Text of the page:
The University of Rochester is well known for its exceptional STEM courses and world-class research, specifically in the natural sciences – but the amazing opportunities for research in the Humanities and Social Sciences is a little less known. As a junior, double-majoring in English Literature and Anthropology (Humanities and Social Science) I have been able to conduct research alongside professors as well as create my own independent research.
When I first heard about all the innovative research the University of Rochester has to offer, I initially (and mistakenly) believed that I would not be able to participate in any of it. Before beginning my undergraduate studies, I envisioned research as being lab coats, microscopes, or some sort of robots, but research at Rochester can, and is, so much more than that!
In the spring of my sophomore year, I took advantage of the English Department’s four-credit, Independent Research program and conducted research on medieval literature and visual art at Robbins Library, the University of Rochester’s medieval library. The English Department offers its majors the chance to complete either an independent research project or internship in place of a major elective course. Past students have interned or conducted research at several of the University’s libraries, a local TV station, Memorial Art Gallery, and dozens of other exciting organizations.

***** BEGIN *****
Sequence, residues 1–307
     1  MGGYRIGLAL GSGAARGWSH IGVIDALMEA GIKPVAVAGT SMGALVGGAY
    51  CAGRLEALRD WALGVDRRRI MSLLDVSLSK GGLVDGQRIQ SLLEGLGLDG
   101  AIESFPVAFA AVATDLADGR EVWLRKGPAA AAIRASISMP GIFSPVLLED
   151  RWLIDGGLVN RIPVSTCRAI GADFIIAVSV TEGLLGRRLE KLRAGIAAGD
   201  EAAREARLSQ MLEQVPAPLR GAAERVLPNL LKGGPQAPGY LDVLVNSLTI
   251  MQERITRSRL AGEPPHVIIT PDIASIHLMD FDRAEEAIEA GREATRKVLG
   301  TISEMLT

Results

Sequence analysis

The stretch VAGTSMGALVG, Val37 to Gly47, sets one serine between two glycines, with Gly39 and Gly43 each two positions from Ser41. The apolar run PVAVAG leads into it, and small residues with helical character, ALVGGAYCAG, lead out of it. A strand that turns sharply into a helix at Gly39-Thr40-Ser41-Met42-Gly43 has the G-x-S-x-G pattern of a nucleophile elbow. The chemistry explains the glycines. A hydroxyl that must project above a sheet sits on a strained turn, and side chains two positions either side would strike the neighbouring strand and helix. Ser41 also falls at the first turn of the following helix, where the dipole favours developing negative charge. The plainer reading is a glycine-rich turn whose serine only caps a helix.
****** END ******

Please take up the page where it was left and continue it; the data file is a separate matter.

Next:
As a research intern at Robbins Library, I worked directly with the head librarian and learned the ins and outs of caring for archival material, properly storing books, and gained insight into medieval literature and art. Apart from learning from my advisor and helping out around the library, I created an online art exhibit based on my own research on the art pieces housed in Robbins Library. This research opportunity allowed me to explore aspects of the Humanities I wouldn’t have had access to through a standard curriculum.
I loved my experience conducting research through Robbins Library and gained invaluable skills and confidence to explore academically, which has allowed me to continue expanding my interest in research. This summer I will be working as a research assistant on an archeological dig for six weeks in Bermuda! For over ten years, the University of Rochester’s History Department has sponsored a group of students interested in research to work on an archeological field site from the colonial time period. This project is getting national funding and our findings will be published—not to mention I get the chance to spend the summer in Bermuda for free. I am beyond excited to begin the next phase of my work as a researcher through the University of Rochester and cannot wait to see what I will learn next!